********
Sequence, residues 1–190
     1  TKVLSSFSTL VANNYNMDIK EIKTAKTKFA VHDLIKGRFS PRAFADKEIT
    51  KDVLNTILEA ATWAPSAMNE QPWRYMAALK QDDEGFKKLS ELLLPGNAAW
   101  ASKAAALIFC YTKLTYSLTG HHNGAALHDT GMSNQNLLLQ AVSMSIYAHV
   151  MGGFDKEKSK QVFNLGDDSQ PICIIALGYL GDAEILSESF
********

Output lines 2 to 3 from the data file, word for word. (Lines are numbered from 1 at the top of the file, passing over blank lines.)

     1  TKVLSSFSTL VANNYNMDIK EIKTAKTKFA VHDLIKGRFS PRAFADKEIT
    51  KDVLNTILEA ATWAPSAMNE QPWRYMAALK QDDEGFKKLS ELLLPGNAAW